My mother loved stories, and loved books that told stories. She considered it both a pleasure and a duty to teach young people to make books a part of their lives. She passed on her enthusiasm to four children and a dozen grandchildren by the simplest and most effective way -- by reading to them and reading with them.
I believe she felt this was as important as anything she did.
After eight decades I can still hear her voice reading Anne of Green Gables and talking about Anne Shirley and the brother and sister who adopted her, Matthew and Marilla. She made it clear that Anne was a poor orphan girl who overcame the difficulties of her life through the power of her imagination.
My mother's descendants now include five journalists, a novelist, a librarian and several other readers. I thought of her when reading the impassioned letters that commented on my piece last week about the future of books and literature in the digital age. I mentioned that Paul Socken, as a professor of French at the University of Waterloo, discovered a few years ago that not many of his students spent any time reading out of their own interest. They had no connection with books.
They were like a young woman who recently described her life in a Toronto Star feature called Dating Diaries. "I love being part of a book club," she said. "It's partly an excuse to drink and partly an excuse to try reading an actual book." Apparently, she considered books distant and weird, to be taken only occasionally.
My piece was mostly about the history of books and the evolution of digital publishing. Several readers were most interested in mourning the downfall of books and the shrinking of the audience for them. Studying the history of communism, one reader discovered the extent of underground writing in the Soviet bloc. "I realized how books circulated as typed and photostatted or Gestetnered in very small runs" and yet were treasured as real literature. "Of course, that presumed people interested in reading."
If fewer people are reading, then the explanation might be found in the decadent age in which we live. That notion has considerable support among my readers. One of them, from Toronto, thinks the general decadence has poisoned the young. "Young people today," this correspondent says, "don't want to inform themselves -- they want to be titillated by the superficial culture in which they are immersed. It is as if history, morality and independence are no longer topics of interest or worthy of discussion. Only fun, materialism, spectator sports and lowest common denominator entertainment capture the attention of the public." Were things so much better before? Was the cultural air more salubrious in 1950, or 1980? Only a selective memory will lead you to think it was.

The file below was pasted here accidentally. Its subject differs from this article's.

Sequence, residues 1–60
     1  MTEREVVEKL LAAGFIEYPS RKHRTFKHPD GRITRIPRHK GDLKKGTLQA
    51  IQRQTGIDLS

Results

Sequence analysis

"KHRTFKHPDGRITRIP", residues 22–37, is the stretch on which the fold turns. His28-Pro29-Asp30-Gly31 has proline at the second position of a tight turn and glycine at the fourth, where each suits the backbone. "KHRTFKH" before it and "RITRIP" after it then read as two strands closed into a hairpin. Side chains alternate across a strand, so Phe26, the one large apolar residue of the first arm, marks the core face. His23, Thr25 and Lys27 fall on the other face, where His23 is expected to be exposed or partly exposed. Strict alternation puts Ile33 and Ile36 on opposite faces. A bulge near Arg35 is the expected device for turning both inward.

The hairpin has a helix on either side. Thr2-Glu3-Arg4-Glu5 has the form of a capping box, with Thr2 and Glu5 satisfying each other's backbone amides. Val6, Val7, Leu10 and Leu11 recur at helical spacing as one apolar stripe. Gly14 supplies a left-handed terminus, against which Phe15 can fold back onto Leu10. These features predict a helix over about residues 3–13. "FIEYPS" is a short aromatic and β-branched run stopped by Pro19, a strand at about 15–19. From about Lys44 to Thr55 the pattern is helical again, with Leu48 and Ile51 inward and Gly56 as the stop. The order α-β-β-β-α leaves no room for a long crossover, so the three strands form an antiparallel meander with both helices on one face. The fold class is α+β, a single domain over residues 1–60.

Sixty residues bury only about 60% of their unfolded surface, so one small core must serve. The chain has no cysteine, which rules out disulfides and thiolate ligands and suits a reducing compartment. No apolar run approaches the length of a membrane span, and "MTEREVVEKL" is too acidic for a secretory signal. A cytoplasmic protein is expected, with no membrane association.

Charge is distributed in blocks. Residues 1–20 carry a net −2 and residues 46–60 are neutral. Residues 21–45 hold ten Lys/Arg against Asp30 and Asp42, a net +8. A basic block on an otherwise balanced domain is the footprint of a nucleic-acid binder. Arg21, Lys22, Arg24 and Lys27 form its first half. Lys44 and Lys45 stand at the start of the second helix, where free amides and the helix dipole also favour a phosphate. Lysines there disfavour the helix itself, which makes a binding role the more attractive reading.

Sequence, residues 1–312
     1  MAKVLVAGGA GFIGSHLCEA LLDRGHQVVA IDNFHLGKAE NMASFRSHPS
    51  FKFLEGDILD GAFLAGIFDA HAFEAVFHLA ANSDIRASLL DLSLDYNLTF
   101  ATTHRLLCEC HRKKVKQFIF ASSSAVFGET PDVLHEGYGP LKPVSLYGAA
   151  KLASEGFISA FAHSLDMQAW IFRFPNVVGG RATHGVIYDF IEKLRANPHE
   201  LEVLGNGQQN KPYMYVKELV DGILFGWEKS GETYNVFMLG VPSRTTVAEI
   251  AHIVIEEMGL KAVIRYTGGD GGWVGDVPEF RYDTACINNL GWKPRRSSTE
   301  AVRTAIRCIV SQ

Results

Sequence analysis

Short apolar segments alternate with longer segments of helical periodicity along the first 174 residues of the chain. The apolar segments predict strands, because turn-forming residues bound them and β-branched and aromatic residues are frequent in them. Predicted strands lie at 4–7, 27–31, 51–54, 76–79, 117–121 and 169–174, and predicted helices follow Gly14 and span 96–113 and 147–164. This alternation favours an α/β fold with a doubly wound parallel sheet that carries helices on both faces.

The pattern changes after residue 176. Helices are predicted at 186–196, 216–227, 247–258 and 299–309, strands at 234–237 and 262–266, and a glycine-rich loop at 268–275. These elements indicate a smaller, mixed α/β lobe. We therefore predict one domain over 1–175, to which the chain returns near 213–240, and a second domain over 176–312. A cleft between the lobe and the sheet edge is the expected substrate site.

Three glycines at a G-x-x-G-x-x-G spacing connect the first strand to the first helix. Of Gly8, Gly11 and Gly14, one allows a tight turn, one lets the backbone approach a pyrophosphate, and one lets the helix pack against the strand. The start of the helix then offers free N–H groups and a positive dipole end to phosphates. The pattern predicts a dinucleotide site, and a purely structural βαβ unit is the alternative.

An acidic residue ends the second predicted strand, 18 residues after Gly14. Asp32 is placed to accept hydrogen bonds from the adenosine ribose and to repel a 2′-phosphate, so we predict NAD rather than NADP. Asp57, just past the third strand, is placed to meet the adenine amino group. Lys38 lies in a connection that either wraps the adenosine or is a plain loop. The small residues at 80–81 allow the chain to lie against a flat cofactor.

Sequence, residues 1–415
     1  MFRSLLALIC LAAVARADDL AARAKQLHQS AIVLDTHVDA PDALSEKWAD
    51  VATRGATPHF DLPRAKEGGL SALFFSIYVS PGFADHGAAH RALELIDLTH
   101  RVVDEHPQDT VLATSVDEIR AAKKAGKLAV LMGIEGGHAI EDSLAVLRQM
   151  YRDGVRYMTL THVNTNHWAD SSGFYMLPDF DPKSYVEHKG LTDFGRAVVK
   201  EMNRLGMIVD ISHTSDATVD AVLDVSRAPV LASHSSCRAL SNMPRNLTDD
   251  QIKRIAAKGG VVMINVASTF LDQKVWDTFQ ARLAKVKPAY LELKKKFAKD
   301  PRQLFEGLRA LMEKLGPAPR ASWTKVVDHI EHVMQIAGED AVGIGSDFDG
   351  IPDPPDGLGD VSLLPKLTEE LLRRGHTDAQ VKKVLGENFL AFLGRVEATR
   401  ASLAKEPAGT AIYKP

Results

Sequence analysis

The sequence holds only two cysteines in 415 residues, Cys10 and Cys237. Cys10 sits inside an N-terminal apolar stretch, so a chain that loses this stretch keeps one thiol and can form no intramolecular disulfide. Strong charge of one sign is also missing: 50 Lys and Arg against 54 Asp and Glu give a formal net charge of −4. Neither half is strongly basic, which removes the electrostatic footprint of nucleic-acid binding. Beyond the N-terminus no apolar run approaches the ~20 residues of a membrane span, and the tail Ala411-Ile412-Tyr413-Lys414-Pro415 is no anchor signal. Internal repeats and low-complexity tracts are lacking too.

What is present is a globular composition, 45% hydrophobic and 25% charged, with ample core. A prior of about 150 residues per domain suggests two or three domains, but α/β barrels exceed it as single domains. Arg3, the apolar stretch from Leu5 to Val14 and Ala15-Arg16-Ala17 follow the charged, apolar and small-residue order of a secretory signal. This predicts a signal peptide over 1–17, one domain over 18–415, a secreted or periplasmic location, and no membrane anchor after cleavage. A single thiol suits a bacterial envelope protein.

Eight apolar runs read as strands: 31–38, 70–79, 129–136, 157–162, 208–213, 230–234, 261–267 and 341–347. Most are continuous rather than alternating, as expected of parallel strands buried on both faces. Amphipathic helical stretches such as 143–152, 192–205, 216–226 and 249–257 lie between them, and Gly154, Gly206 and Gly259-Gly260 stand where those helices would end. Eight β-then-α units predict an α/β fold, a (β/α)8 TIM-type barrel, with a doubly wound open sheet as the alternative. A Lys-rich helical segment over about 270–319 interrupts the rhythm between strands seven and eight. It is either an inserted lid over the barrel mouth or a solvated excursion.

When we talk about books we often mention their physical quality and the settings in which we encounter them. One of my readers said we shouldn't forget "the sheer tactile pleasure of beautifully bound volumes and the visual impact of perfectly printed pictures that no digital reader can equal." Agreed. But such books are still available, and for sale. And there's nothing to keep digital books from improving.
A Calgary reader described her feelings about libraries: "There was something cozy and welcoming and even stabilizing in wandering the shelves of public libraries with their dark wood panelled shelves, sometimes arched ceilings. It was like history literally being passed on. There was such respect for place, with leaded glass windows and kids sinking into chairs and feeling part of something wonderful."
The magic that clings to certain kinds of books extends even to hymnals. A reader in Knowlton, Que., says: "Our local Anglican parish church flashes the words to hymns on a screen but old hymnals are still available in the pews. I always read from these, partly because I like handling the same books that were in the hands of earlier generations but I also like to know where the music comes from and who wrote, and/or translated, the words." Even the humble bookmark gets a tribute in one letter: "People have been saying dire things about the future of the book for quite a while, but people are reading them, people are getting excited about things they've read. I see it in others and I experience it myself every day. Nothing has been invented to replace the way it feels to watch your bookmark travel through the body of a book that is becoming part of you."
Another reader argues in favour of e-books and against the belief that young people read more books in the good old days. He says he's only sorry that he can't find all of his books in e-book format. He loves being able to carry many books around in a wallet-sized tablet. As for the reading of university students, he doubts whether they were much different from those of 2016. In university he liked novels. "And if my fellow students didn't read novels unless they had to, I would not have been surprised." So when people announce that things are going downhill, "I know that it isn't true."
Sounds about right. In my own youth, as I remember it, only a small minority of my friends and acquaintances ever mentioned reading a book. How much they missed!